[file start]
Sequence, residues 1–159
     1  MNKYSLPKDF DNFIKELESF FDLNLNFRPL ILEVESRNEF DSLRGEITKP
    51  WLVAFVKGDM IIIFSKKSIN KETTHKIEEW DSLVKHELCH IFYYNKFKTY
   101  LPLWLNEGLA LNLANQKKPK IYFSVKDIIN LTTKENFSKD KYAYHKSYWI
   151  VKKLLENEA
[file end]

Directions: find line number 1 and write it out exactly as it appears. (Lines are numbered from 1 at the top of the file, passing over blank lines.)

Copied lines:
Sequence, residues 1–159